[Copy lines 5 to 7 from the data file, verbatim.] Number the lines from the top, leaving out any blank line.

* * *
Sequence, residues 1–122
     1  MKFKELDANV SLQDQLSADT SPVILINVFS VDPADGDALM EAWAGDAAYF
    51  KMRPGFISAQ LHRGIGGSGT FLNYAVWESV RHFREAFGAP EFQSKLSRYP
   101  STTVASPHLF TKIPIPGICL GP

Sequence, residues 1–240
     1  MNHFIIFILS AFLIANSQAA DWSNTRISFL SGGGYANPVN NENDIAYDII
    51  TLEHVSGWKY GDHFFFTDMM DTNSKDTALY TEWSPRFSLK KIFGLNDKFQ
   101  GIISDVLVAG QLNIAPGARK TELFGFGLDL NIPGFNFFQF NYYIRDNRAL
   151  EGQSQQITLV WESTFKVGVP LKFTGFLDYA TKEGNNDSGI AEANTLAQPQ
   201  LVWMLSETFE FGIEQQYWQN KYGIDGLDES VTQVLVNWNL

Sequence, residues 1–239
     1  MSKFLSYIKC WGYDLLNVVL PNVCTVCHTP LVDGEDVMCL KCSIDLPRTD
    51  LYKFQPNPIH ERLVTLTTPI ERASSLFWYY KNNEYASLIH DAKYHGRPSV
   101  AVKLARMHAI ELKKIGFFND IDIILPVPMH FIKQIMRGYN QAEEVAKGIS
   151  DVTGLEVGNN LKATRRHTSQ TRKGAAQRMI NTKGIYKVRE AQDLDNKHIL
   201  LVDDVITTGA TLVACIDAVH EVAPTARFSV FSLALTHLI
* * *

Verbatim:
Sequence, residues 1–240
     1  MNHFIIFILS AFLIANSQAA DWSNTRISFL SGGGYANPVN NENDIAYDII
    51  TLEHVSGWKY GDHFFFTDMM DTNSKDTALY TEWSPRFSLK KIFGLNDKFQ